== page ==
Affordable Access

deepdyve-link
Publisher Website

Sleep problems as a risk factor for suicide: Are certain specific sleep domains associated with increased suicide risk?

Authors
  • Tae, Hyejin1
  • Jeong, Bo Ram2
  • Chae, Jeong-Ho3
  • 1 Department of Psychiatry, Seoul St. Mary's Hospital, The Catholic University of Korea, Seoul, Republic of Korea. , (North Korea)
  • 2 Catholic Biomedical Industrial Institute, The Catholic University of Korea, Seoul, Republic of Korea. , (North Korea)
  • 3 Department of Psychiatry, Seoul St. Mary's Hospital, The Catholic University of Korea, Seoul, Republic of Korea. Electronic address: [email protected] , (North Korea)
Type
Published Article
Journal
Journal of affective disorders
Publication Date
Jun 01, 2019
Volume
252
Pages
182–189
Identifiers
DOI: 10.1016/j.jad.2019.04.053
PMID: 30986733
Source
Medline
Keywords
Language
English
License
Unknown

Abstract

The purpose of this study was to examine the relationship between sleep problems and suicidal ideation in depressive patients. Evidence from diverse settings and populations indicates that sleep problems are associated with suicidal ideation. However, relationships between them are not well defined. This study was conducted in order to explore whether poor sleep was associated with suicidal ideation above and beyond depression and whether specific domains of sleep were related to suicidal ideation. We also determined whether the association between sleep problems and suicidal ideation was mediated by depression. Patients aged 18-65 years from an outpatient clinic at Seoul St. Mary's Hospital were recruited for this study. From September 2010 to November 2017, a total of 909 participants were included in the final sample. The Beck Depression Inventory (BDI) and Pittsburgh Sleep Quality Index (PSQI) were used to assess psychiatric symptoms. Independent samples t-test, chi-square test, Pearson correlation analyses, hierarchical multiple regression analyses, and mediation analyses were performed using SPSS PROCESS macro. The majority of participants with suicidal ideation also had sleep problems (94.9%). After controlling for age, marital status, and depressive symptoms, total sleep problems estimated by the PSQI global score were also significant associated with suicidal ideation. Among seven sleep components derived from the PSQI, several components including cough or snore loudly, have bad dreams, and use sleep medication were associated with increased suicide risk. Also, the relationship between sleep problems and suicidal ideation was mediated by depressive symptoms indirectly. There was no convincing direct relationship between sleep problems and suicidal ideation. Investigating the pathways which connect sleep problems and suicidality is fundamental to the development of suicide prevention. While it might be premature to suggest specific interventions, it would be important for clinicians to consider evaluating and managing sleep problems in the context of suicidality. Copyright © 2019. Published by Elsevier B.V.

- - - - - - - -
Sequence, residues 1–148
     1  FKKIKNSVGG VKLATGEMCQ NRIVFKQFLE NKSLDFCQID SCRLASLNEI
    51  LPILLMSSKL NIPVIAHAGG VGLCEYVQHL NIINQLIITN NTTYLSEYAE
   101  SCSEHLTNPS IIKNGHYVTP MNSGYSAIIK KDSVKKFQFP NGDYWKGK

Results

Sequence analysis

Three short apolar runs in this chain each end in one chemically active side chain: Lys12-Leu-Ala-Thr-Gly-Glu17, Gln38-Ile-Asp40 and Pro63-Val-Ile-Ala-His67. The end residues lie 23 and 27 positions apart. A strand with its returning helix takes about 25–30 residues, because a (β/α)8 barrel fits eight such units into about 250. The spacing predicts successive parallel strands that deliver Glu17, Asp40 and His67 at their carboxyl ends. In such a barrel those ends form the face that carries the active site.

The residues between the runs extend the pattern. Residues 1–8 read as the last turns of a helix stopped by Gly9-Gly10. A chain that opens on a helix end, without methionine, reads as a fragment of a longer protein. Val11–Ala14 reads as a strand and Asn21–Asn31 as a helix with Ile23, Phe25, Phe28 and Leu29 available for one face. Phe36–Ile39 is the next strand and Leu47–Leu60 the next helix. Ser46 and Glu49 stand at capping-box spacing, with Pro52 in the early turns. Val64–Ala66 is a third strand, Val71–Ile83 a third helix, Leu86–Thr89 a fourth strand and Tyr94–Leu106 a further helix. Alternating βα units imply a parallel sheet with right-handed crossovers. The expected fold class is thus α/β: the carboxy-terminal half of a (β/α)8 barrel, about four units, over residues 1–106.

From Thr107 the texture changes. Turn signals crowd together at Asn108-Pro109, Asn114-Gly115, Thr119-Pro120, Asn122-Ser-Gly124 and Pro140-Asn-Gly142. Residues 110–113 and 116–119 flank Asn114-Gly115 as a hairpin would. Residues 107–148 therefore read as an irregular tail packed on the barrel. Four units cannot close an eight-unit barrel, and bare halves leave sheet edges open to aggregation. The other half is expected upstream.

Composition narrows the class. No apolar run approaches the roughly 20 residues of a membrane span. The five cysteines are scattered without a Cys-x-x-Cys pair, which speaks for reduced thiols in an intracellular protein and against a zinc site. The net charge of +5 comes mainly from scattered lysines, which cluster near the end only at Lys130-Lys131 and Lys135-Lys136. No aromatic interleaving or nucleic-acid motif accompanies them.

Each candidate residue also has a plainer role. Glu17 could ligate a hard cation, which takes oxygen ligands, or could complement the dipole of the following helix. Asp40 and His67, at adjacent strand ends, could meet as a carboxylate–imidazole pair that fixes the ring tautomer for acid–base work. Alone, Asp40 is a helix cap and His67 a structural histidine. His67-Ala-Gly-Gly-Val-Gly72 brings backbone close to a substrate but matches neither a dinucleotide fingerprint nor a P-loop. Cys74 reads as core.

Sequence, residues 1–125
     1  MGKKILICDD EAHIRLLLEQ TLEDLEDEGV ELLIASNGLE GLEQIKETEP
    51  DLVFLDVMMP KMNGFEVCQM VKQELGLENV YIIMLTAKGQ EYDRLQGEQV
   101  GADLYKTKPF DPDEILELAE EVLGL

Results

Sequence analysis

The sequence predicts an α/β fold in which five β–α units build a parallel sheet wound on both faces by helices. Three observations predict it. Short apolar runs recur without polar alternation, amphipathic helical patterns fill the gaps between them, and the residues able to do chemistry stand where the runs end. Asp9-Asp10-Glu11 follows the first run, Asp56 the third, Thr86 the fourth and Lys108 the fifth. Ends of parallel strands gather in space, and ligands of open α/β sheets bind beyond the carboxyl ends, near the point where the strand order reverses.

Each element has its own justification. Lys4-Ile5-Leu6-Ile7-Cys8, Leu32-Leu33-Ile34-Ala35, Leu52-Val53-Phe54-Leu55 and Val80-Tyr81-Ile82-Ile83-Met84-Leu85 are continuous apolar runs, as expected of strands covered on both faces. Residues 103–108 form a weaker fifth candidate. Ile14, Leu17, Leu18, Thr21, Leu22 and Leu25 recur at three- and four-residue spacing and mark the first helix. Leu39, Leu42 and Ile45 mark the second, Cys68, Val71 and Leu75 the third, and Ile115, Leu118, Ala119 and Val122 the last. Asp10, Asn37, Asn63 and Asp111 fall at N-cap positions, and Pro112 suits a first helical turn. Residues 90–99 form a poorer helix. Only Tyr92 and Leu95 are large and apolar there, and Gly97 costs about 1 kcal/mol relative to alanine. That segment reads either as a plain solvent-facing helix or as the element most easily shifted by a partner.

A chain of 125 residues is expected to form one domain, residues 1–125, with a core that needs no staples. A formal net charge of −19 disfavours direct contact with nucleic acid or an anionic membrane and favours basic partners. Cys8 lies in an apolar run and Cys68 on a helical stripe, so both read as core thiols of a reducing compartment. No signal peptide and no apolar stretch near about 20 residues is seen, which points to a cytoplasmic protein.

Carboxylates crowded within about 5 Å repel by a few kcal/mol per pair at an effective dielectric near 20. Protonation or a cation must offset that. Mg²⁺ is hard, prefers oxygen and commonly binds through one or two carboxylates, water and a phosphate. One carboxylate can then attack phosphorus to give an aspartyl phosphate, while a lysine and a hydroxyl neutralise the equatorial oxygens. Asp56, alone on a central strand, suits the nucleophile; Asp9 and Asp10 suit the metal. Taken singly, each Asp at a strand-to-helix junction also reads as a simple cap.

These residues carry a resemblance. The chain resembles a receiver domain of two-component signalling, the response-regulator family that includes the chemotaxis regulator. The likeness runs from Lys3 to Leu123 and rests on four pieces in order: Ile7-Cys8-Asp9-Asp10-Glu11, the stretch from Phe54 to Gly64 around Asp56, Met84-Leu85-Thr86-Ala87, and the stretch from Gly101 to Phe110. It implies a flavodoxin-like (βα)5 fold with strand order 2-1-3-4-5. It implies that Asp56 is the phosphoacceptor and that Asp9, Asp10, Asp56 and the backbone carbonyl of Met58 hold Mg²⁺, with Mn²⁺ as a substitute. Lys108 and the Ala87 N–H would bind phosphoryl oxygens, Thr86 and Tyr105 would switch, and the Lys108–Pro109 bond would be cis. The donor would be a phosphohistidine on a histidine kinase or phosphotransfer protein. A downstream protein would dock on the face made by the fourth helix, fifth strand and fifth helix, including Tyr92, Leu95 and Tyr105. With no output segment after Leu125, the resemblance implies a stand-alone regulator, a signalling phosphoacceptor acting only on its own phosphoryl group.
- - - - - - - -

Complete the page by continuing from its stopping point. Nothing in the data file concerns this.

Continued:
Report this publication

Statistics

Seen <100 times